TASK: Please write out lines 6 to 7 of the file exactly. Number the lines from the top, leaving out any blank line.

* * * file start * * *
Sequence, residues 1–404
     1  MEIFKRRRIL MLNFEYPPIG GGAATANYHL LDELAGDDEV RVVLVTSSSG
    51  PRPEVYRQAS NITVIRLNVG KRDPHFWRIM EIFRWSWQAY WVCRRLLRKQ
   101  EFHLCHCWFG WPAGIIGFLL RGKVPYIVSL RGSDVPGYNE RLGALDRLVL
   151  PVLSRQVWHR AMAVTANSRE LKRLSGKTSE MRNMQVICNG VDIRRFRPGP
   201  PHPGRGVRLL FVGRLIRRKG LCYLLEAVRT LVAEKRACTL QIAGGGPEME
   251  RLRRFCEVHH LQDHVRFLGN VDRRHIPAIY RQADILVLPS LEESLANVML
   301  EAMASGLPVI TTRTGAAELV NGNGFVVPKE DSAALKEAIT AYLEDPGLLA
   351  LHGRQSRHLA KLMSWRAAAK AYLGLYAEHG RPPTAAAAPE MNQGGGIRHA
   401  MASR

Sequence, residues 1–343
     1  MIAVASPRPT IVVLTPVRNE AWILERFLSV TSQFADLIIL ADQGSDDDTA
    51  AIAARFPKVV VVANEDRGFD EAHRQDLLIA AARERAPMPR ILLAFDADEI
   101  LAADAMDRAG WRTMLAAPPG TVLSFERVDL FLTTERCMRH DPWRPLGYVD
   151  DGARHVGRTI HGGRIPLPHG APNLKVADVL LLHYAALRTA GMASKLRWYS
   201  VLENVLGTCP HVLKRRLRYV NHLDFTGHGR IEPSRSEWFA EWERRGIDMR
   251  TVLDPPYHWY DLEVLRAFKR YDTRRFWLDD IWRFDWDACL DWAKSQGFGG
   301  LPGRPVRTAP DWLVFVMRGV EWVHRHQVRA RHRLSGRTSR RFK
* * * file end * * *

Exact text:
   201  PHPGRGVRLL FVGRLIRRKG LCYLLEAVRT LVAEKRACTL QIAGGGPEME
   251  RLRRFCEVHH LQDHVRFLGN VDRRHIPAIY RQADILVLPS LEESLANVML